Criminal Jurisdiction at the African Court of Justice and Human Rights and the ICC: Complementarity or Opposition?
International Criminal Law lunch with Professor Jeremy Sarkin (University of South Africa, Pretoria, and NOVA University Lisbon, Portugal) on the planned international criminal law Chamber at the African Court of Justice and Human Rights.
The full title of his presentation is: "Why the Move to Give the African Court of Justice and Human Rights Criminal Jurisdiction Ought to Be Complementary to the ICC Not in Opposition to It”.
Jeremy Sarkin is Professor of Law at the University of South Africa (UNISA) and Distinguished Visiting Professor of Law and member of CEDIS at the Law School of NOVA University Lisbon, Portugal. He has undergraduate and postgraduate law degrees from South Africa, a Master of Laws degree from Harvard Law School and a Doctor of Laws degree on comparative and international law. He is admitted to practice as attorney in the USA and South Africa. He was a member (2008-2014), and was Chairperson-Rapporteur (2009-2012), of the United Nations Working Group on Enforced or Involuntary Disappearances. He served as an acting judge in 2002 and 2003 in the High Court in South Africa. He is a member of a number of journal editorial boards. He has published 15 books and more than 300 articles.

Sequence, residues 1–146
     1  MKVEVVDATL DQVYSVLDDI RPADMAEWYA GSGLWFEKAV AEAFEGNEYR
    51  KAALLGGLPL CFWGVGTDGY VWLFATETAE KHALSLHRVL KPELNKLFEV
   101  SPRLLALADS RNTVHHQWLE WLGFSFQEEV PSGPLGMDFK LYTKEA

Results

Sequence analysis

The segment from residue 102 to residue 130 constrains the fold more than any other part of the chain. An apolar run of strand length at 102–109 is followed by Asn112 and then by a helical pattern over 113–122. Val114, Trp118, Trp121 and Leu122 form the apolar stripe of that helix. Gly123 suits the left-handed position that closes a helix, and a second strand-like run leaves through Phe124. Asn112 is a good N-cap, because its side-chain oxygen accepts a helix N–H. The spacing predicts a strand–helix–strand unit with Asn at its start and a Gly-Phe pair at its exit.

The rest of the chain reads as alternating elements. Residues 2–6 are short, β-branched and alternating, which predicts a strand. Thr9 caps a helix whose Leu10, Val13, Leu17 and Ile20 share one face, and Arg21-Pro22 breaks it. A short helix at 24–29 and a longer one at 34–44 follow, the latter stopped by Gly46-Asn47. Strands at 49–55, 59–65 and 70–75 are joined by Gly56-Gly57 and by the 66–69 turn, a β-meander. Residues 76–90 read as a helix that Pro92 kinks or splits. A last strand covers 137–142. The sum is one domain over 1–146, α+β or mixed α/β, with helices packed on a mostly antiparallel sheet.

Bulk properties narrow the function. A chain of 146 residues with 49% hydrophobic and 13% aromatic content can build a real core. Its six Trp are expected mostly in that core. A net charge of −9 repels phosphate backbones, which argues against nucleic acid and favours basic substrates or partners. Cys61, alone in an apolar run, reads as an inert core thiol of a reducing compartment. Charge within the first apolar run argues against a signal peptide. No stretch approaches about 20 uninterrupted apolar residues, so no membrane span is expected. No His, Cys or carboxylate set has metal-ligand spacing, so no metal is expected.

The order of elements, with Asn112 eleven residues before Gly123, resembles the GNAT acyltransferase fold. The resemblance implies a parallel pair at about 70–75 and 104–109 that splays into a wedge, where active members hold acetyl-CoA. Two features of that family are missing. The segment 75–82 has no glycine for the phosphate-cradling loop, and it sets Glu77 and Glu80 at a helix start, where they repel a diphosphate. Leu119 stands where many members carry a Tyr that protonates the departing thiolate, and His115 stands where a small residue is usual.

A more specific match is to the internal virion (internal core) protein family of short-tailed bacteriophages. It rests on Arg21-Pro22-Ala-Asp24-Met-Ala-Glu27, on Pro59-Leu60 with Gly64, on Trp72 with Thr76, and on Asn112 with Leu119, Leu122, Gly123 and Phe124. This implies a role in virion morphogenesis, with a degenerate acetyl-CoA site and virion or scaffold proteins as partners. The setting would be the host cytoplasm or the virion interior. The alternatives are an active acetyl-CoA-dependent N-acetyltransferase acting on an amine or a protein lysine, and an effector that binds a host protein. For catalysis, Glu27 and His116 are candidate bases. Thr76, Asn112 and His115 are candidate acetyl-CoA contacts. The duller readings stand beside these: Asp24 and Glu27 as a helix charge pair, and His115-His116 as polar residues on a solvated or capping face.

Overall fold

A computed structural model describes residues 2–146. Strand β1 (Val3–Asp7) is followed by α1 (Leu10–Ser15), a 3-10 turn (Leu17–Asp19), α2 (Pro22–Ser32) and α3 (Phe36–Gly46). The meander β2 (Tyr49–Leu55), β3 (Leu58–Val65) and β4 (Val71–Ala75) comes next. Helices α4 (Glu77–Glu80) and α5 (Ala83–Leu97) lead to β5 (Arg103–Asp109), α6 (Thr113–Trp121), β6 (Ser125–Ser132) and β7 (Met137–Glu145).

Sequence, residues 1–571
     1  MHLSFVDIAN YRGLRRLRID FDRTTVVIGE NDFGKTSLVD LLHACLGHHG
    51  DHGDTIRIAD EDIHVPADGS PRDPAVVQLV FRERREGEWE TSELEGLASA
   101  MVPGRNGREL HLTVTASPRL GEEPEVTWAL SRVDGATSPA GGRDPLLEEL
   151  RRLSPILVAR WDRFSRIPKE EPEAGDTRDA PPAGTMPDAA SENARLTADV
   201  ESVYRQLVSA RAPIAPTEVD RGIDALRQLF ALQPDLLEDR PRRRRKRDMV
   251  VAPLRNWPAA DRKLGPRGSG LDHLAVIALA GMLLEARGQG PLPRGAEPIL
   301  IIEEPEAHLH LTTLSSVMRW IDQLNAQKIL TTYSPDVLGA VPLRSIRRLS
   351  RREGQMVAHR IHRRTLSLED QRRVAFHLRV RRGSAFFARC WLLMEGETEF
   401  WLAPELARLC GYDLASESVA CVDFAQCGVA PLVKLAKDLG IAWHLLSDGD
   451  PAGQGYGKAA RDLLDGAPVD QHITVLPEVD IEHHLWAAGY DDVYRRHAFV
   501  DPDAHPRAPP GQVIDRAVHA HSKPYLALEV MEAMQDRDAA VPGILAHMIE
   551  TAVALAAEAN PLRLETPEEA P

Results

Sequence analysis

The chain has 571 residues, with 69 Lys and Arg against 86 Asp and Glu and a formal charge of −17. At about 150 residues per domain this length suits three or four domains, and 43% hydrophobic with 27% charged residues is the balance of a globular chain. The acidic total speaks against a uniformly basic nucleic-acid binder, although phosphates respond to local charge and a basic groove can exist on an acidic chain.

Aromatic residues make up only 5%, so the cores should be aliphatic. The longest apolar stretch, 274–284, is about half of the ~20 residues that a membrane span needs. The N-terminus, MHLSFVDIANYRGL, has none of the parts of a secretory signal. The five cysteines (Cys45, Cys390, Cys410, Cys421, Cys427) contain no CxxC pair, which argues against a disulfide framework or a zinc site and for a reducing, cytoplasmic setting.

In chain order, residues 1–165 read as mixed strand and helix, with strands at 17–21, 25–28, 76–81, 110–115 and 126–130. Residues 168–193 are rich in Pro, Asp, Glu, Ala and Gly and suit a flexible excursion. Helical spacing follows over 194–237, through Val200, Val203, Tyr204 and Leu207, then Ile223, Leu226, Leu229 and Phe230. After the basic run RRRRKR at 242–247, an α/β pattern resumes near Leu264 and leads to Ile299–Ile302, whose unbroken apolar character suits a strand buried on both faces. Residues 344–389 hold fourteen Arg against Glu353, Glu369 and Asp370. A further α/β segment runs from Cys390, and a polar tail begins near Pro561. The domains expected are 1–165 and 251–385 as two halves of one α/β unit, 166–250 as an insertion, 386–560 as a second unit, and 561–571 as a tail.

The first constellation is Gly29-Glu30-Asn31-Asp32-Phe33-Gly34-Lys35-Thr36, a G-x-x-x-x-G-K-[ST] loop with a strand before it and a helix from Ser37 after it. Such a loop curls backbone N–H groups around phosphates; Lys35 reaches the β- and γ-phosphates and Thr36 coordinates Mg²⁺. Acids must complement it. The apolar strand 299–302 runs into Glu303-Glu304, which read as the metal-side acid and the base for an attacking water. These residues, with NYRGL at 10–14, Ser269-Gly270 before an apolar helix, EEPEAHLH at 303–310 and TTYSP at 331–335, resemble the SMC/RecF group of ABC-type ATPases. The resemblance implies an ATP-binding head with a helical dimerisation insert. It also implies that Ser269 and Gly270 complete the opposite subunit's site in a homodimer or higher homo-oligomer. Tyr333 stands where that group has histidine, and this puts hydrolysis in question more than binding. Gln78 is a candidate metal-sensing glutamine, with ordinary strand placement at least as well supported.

International Criminal Law lunches
Pluricourts holds a monthly international criminal law (ICL) lunch, where an invited ICL expert gives a presentation on a topic of their choice, followed by questions from the audience. The aim is to provide a wide-ranging lecture series, giving varied insights into what is happening within the field of ICL today. We invite speakers from different backgrounds, and have had presentations from Norwegian- based and international academics, as well as speakers from local agencies who work with ICL-related issues, such as Kripos and the Norwegian Red Cross. The lunches also function as a meeting point for those who are interested in ICL, allowing for ideas to be exchanged and developed. They are open to the public, and are attended by staff, students and those working in ICL in the Oslo area.